Wagner’s “Die Walküre” at La Scala: The Reviews are In

Courtesy Corriere della Sera

From Reuters:   

La Scala’s production of Richard Wagner’s “The Walkyrie” drew a 15-minutes ovation on the opening night of the opera house season on Tuesday, though the climate of austerity sweeping Europe clouded the starry event.   

With tickets costing as much as 2,400 euros ($3,200), the opening night at the 18th century opera house is one of the most popular cultural events on the calendar of the rich and influential.   

German mezzo soprano Waltraud Meier, who played the passionate Sieglinde, won particularly loud applause.   

From the Associated Press:   

La Scala’s exacting audience — filled for the season premiere with leading political, cultural and business figures — showered Barenboim, the singers and director Guy Cassiers with 14 minutes of applause and bouquets of flowers after the performance.   

Cassiers’ use of video, including the opening scene where Siegmund and Sieglinde discover each other, reportedly angered some of the singers who worried the character’s emotions were being overshadowed.   

But Cassiers said after the performance that reports of discord were exaggerated. In fact, mezzo-soprano Waltraud Meier who sang the role of Sieglinde walked over during the curtain calls to bring Cassiers out on stage.   

Cassiers said his goal is to bring all disciplines and technologies together on stage “to create a universe.”   

“The most important thing for me on stage is not the set, is not the light, is not the visuals. It’s the singers. The singers are the guide … to stimulate you, to get you as close as possible to the material Wagner offers,” Cassiers said recently.   

Lighting director Enrico Bagnoli, whose work often gave a sense of motion to the set, said he was surprised by how well the production was received.   

“I always thought it wasn’t a very technological show. We used the media of today to tell a story. I am happy that the public understood. This is a group that didn’t want to create provocations. They wanted to do suggestive images to create a state of mind,” Bagnoli said.   

“Die Walkuere” stars some of the most famous Wagnerian singers, including soprano Nina Stemme as Bruennhilde and mezzo-soprano Meier in the soprano role of Sieglinde — both of whom received shouts of appreciation. New Zealand-born tenor Simon O’Neill appears as Siegmund and Ukrainian bass Vitalij Kowaljow as Wotan, while Ekaterina Gubanova sings the role of Fricka and John Tomlinson is Hunding.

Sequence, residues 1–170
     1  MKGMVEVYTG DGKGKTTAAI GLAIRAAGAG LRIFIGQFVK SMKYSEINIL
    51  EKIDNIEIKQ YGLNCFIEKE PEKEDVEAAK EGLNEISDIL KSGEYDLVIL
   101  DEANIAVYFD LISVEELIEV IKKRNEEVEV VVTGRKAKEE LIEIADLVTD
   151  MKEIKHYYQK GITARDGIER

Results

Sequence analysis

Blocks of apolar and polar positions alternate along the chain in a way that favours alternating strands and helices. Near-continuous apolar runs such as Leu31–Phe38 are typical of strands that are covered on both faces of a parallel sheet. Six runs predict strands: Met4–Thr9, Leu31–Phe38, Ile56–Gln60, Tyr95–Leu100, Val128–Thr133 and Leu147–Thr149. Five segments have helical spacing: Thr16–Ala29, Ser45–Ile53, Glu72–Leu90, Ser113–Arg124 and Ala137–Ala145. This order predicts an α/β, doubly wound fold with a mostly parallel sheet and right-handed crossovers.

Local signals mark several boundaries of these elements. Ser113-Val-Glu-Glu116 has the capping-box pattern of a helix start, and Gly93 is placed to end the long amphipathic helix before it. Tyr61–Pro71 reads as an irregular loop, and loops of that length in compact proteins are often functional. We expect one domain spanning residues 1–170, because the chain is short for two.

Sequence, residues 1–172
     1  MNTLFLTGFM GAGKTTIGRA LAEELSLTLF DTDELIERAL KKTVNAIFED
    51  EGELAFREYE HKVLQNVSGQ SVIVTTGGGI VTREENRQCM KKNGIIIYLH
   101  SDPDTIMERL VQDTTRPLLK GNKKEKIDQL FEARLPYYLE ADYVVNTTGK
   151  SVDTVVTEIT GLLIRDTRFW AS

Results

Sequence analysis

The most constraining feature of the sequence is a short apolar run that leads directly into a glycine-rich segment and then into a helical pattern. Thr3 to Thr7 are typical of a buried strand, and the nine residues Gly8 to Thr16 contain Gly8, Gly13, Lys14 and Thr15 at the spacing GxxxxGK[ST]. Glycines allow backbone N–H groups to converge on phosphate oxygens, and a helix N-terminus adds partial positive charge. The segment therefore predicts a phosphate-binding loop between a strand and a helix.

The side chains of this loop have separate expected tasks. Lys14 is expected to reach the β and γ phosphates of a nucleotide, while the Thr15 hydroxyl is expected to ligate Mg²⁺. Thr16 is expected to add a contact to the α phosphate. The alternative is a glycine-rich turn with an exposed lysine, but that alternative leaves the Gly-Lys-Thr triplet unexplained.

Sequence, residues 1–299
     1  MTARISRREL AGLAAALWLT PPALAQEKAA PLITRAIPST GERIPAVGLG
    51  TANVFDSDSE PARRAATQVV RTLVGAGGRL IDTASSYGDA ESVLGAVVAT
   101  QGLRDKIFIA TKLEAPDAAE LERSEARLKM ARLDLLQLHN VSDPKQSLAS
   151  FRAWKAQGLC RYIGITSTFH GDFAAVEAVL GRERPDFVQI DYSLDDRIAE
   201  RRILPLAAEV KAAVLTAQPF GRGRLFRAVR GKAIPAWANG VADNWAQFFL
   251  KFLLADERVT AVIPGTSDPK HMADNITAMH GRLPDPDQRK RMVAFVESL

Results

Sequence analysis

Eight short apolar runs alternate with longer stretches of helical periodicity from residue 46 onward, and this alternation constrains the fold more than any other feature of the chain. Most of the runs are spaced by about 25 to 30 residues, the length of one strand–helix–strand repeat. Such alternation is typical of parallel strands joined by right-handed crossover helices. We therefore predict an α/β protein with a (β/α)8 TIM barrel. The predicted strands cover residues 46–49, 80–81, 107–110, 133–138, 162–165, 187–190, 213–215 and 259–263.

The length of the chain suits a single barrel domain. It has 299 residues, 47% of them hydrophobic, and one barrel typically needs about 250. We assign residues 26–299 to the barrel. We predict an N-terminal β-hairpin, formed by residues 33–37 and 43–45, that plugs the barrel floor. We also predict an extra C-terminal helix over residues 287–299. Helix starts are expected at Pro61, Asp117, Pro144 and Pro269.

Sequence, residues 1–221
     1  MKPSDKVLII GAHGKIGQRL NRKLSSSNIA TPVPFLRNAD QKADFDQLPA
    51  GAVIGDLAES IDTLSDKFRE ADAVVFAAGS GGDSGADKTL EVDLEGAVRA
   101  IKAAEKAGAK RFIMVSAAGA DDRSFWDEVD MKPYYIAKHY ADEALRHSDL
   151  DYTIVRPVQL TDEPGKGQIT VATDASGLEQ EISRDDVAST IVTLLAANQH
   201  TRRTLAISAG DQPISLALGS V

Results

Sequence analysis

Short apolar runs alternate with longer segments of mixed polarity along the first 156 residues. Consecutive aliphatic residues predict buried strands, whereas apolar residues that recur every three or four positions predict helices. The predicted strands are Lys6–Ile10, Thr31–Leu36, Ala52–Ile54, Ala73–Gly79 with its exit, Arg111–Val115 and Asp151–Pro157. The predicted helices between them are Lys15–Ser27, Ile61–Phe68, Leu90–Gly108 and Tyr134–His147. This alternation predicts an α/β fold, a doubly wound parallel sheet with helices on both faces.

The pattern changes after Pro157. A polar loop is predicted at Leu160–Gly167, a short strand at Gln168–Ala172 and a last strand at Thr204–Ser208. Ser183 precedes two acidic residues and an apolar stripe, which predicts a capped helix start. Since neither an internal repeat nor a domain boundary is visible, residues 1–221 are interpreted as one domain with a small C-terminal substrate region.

Opera Chic:   

Before the final curtain call on December 7th — a few minutes after the conclusion of five ginormous hours of Wagner’s Die Walkure that opened La Scala’s new season on Milan’s holiday to celebrate the city’s patron saint, Sant’Ambrogio — the night was engraved as a triumph before the first strains of Wagner’s famous leitmotifs hit the adoring, vaguely taxidermied, Milanese public. Maestro Daniel Barenboim’s victory was sealed when he stepped from the orchestra pit onto the platea floor to inaugurate the evening and spoke out, in Italian, quoting the Italian Constitution (art 9.) to defend the future of culture in Italy, and deafening applause ensued (which was also directed to Palco Reale where Milan’s Mayor, Letizia Moratti kept company with Italy’s President, Giorgio Napolitano).   

As Barenboim entered the orchestra pit at the beginning of Act II and Act III, preemptive cheering for La Scala’s “Maestro Scaligero” guaranteed the final triumph and today’s newspaper headlines, the Italian press creeming themselves in phrases like, “Il trionfo della Valchiria”, “Quattordici minuti di applausi”, “Scala, il trionfo di Barenboim” (massive headlines also addressed the out-of-control student protests which flared-up around Piazza della Scala/Palazzo Marino where the city’s most official post-opera Gala takes place.   

Anger over Italy’s spending cuts, not only to cultural activities but also to higher education, spilled into the piazza, where students clashed with police swinging clubs.  Smoke bombs and tear gas were lobbed during the clash and police reported 14 officers suffered minor injuries.   

Hundreds of opera house workers from Genoa, Rome, Florence and elsewhere protested peacefully nearby as VIPs arrived for the social event of the Milanese season.   

Inside, Barenboim, who has the unofficial title of principal guest conductor of La Scala, appealed to President Giorgio Napolitano, sitting in the royal box, to invoke protection of Italy’s cultural assets as called for in the country’s constitution:   

“In the names of the colleagues who play, sing, dance and work, not only here but in all theatres, I am here to tell you we are deeply worried for the future of culture in the country and in Europe,” Barenboim told President Giorgio Napolitano, who was in La Scala’s royal box.   

The theatre erupted in applause, with Napolitano joining in.   

Barenboim urged Napolitano to heed the Italian constitution and quoted a portion that says the country promotes “the development of culture and scientific and technical research” and that the republic would safeguard Italy’s “historical and artistic heritage.”   

After the evening’s performance, Barenboim told reporters he believed that the economic crisis has endangered arts and culture across all of Europe.   

“Culture is not a luxury,” he said. “Human ethics are expressed truly in culture, in music, in opera, in theatre. It is ridiculous to think you can resolve economic problems by cutting culture.”   




Further Reading:   


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